Exodus Series: Exodus 19:1-24:18 Overview

In this sixth week in Exodus the Lifeway curriculum switches to Unit 2 “Design for Relationship”. The first week of this new unit is “What Are Your Ground Rules (Exodus 19:1-24:18).” We have seen the redemption of Israel from the oppression of Egypt through the previous five weeks. We have seen how this is a major focus of the Bible. The seed of the serpent, the people against God, and the seed of the woman, those with faith in God (ultimately Jesus the Christ) are opposed to each other (Genesis 3:15). Moses has been, and will continue to be, the figure who gives us most insight into Christ during this time in history. God has pronounced His covenant name and through His sovereign power has delivered His people from the bondage, slavery, and oppression of the Egyptians. Israel has journeyed through the wilderness and shown their continued problem with sin even after they were delivered by God. Now Israel stands ready to receive the law as God’s covenant people and learn how to obey and worship the LORD their Savior.

Israel, has been chosen by God as His people. God has then delivered them from Egypt so that all would know that the LORD is God (Exodus 10:2). Now Israel needs direction. If they are God’s chosen people, delivered from their captors, how should they now live? They should live to please God (1 Thessalonians 4:1). And in these sections God begins to reveal to them how they can please Him through obedience in worship and every day life.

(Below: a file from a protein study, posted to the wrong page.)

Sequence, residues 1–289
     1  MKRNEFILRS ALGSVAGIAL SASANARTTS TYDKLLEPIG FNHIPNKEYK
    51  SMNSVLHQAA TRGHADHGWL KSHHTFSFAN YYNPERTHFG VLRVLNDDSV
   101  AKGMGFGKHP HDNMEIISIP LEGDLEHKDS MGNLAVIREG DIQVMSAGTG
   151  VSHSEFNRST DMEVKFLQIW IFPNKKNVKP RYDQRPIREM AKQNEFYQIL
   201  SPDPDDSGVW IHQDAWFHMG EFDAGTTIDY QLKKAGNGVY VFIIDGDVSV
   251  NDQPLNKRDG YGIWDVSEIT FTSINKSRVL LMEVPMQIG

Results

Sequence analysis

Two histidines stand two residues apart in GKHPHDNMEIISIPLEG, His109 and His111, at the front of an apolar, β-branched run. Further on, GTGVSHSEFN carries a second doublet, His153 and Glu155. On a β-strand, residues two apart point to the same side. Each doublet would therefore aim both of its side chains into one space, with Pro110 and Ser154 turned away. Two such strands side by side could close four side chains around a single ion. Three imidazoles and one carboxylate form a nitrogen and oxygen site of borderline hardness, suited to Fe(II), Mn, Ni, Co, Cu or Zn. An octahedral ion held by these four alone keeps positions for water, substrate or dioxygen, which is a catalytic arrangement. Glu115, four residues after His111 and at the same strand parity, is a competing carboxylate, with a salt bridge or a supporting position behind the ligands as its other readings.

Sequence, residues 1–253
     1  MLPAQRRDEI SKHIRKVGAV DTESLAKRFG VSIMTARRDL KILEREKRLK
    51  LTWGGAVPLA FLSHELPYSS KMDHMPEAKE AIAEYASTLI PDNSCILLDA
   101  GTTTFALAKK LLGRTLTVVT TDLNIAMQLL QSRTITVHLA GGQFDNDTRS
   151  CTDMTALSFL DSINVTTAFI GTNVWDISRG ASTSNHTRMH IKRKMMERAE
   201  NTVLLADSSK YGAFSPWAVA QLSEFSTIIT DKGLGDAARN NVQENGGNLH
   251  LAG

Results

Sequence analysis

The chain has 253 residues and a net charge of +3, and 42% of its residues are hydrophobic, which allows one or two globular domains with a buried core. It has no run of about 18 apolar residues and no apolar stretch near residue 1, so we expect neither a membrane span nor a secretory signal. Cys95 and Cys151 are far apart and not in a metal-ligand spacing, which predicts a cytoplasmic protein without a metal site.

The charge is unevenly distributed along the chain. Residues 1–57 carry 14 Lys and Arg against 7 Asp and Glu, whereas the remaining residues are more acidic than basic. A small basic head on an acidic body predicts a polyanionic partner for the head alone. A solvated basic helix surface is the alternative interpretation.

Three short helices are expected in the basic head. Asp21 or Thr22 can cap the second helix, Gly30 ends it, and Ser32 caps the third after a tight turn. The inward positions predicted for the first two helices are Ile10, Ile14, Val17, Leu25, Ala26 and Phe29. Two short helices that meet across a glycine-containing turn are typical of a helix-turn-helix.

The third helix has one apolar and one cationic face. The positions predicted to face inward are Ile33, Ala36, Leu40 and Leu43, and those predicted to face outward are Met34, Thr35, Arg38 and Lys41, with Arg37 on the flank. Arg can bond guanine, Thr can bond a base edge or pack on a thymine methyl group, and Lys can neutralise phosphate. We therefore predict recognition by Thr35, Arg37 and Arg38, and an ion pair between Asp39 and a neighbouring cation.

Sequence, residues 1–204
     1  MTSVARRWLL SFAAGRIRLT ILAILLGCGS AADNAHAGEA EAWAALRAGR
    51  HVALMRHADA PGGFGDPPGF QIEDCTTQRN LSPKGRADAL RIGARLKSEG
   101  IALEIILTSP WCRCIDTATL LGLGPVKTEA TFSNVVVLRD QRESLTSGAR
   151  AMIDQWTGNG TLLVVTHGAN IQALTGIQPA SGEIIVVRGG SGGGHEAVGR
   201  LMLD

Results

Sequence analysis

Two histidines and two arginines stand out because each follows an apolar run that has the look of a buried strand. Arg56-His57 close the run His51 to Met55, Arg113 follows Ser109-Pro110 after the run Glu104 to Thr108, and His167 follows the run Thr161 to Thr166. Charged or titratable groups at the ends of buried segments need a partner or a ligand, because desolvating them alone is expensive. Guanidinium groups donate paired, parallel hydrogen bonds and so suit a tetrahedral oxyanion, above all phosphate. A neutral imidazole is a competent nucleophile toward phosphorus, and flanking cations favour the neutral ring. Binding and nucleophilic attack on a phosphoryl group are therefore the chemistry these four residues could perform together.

Due to the amount of material the outline will be brief and I will try to comment in it on areas I cannot otherwise comment on.

  1. God brings Israel to Sinai (19:1-8)
    1. Sign to Moses fulfilled from Exodus 3:12
    2. They have seen His deliverance and now must obey and keep the covenant (19:3-6).
    3. The people agree (19:7-8).
  2. The LORD comes to His people (19:9-25)
    1. Preparation (19:9-15)
    2. The LORD comes – description of His coming and His warning highlight His holiness (19:16-25)
  3. The LORD speaks (20:1-17)
    1. “I am the LORD your God” – the LORD is already their God and Savior and these commands are based in that relationship (20:1-2)
    2. The Ten Commandments (20:3-17)
    3. The result of the LORD speaking – they are afraid of God but God tells them through Moses that they should not be afraid of who God is but of disobeying Him, Luke 12:4-7 and Psalm 130:4 (20:18-21)
  4. Brief laws for worship – God uses the opportunity to point to the primacy of worship and the warning against things like the upcoming golden calf (20:22-26)
  5. Case Law – legal systems accumulate rulings on cases (case law) that they use to determine future cases, God provides an inspired set (21:1-23:9)
    1. Slaves – this does not establish slavery like in the United States but more like indentured servants – working a certain number of years (v. 2) often to pay off debt. Also consider the whole teaching, so v. 21 has to include v. 26-27. Though the man is not charged with wrong-doing his slave still goes free (21:1-32).